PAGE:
## Abstract

Chapter 11 introduces algebraic number theory which developed through the attempts of mathematicians to prove Fermat’s Last Theorem. An algebraic number is a complex number which is algebraic over the field **Q** of rational numbers. An algebraic number field is a subfield of the field **C** of complex numbers, which is a finite field extension of the field **Q** and obtained from **Q** by adjoining a finite number of algebraic elements. The concepts of algebraic numbers, algebraic integers, Gaussian integers, algebraic number fields and quadratic fields are introduced in this chapter after a short discussion on general properties of field extension and finite fields. There are several proofs of Fundamental Theorem of Algebra. It is proved in this chapter by using homotopy (discussed in Chap. 2). Moreover, countability of algebraic numbers, existence of transcendental numbers, impossibility of duplication of a general cube and that of trisection of a general angle are shown in this chapter.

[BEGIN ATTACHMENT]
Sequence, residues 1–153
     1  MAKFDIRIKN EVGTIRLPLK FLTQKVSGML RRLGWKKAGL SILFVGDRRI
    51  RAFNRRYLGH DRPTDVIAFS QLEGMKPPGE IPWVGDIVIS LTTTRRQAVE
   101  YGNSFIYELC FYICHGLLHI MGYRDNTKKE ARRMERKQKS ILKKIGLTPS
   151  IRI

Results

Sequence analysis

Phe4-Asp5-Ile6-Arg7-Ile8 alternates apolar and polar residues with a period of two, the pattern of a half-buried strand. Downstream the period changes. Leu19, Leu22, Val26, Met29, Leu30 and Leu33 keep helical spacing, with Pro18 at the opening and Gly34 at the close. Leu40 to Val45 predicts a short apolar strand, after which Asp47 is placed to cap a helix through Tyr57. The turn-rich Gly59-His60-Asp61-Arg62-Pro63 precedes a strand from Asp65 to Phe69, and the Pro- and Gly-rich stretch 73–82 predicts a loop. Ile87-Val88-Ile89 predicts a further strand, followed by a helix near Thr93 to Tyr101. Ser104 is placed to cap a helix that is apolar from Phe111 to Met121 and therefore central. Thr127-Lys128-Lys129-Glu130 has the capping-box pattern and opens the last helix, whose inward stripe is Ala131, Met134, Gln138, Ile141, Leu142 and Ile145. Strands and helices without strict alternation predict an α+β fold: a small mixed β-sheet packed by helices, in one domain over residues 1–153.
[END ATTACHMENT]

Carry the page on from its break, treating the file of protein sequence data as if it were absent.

## Keywords

Finite Field Fundamental Theorem Field Extension Algebraic Number Algebraic Integer## References

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